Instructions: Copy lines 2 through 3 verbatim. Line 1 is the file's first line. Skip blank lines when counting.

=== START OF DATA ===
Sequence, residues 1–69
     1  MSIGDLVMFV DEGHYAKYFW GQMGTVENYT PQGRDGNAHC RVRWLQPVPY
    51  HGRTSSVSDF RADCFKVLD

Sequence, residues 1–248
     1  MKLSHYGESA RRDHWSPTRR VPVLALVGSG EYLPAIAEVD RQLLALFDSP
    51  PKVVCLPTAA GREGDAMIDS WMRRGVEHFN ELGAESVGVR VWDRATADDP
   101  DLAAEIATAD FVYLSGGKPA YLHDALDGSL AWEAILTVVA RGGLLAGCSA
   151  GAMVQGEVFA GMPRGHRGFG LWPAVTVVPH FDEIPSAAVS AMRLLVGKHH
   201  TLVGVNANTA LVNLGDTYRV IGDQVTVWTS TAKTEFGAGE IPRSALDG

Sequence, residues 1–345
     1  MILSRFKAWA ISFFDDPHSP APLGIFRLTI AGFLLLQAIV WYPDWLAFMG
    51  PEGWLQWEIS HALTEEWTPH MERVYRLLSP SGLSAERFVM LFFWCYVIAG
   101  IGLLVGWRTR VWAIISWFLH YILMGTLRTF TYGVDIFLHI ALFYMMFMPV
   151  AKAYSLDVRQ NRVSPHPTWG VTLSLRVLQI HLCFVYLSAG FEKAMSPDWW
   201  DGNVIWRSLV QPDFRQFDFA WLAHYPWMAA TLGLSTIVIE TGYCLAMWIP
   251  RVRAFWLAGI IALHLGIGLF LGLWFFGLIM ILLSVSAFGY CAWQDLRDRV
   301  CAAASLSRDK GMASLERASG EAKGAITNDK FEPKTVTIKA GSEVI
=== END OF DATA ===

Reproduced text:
     1  MSIGDLVMFV DEGHYAKYFW GQMGTVENYT PQGRDGNAHC RVRWLQPVPY
    51  HGRTSSVSDF RADCFKVLD